Lost and Found: Social and Cultural Reconstruction at the Tepe Sialk in Kashan, Iran

Persian carpets, renowned for their quality and beauty, are inspired by the geometric designs and layouts of the magnificent gardens of ancient Persia. Theses gardens originated in a four-fold pattern which remains, to this day, the most sought-after Persian carpet design. The city of Kashan, with its 3000-year carpet-weaving history is home to the earliest known evidence of the craft, discovered 80 years ago in the archeological Sialk Hills. This thesis aims to extract the extraordinary design concepts of the Persian 4-fold gardens and blend in a modernized interpretation of Persian design principles and Iranian vernacular architecture.

However, the women by whose hands this exceptional product is created receive little compensation or acknowledgment. Furthermore, Iranian women are typically discouraged from participating in social realms, particularly within lower social classes, adding to physical, emotional and spiritual suffering.  Historically, Iran’s denigration of women’s rights, the intensity of which fluctuates regime by regime, has thrust women into an endless battle to retain the personhood more fully enjoyed in times past.

Therefore, this thesis proposes a cultural-archaeological center in the Sialk historical site that serves a two-fold purpose: 1) a carpet weaving-center providing women weavers with a platform to build up one another, expand skills, increase revenue, opportunities and their profile within the community through workshops, exhibitions, entertainment spaces, etc. 2) an archaeological research and resource center that revitalizes early Persian design and landscape through further exploration, preservation, and display of weaving, pottery and other excavated artifacts.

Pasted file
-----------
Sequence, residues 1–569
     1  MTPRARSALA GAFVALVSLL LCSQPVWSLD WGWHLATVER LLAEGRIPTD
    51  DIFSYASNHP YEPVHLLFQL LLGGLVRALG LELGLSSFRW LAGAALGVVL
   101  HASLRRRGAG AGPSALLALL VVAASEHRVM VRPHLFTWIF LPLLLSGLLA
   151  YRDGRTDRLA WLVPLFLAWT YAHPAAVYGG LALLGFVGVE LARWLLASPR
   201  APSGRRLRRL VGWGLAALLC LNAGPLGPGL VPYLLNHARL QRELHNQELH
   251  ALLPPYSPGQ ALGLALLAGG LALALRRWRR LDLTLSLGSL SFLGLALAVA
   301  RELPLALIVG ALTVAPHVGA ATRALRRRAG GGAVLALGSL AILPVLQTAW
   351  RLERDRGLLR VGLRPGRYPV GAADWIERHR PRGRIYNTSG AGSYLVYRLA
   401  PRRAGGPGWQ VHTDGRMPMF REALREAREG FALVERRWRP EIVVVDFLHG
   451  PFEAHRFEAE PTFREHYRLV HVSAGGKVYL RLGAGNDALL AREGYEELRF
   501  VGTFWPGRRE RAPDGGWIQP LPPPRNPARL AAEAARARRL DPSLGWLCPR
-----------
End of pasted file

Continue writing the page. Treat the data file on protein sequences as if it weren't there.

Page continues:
Recognizing the women whose hard work has preserved part of ancient Persia’s glory will foster a greater appreciation of women and broaden their place within society. And tracing the impact of Persian design on Iran’s art and architecture hopefully inspires a new generation to embrace the long road of history culminated in the “instant” world of today.